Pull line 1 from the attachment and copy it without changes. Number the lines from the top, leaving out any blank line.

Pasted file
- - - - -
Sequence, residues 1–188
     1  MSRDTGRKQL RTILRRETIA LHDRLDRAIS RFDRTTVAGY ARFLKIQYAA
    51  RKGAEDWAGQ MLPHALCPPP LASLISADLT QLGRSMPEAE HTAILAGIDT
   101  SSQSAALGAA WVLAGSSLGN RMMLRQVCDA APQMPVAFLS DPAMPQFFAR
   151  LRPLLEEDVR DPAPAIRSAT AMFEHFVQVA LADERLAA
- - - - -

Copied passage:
Sequence, residues 1–188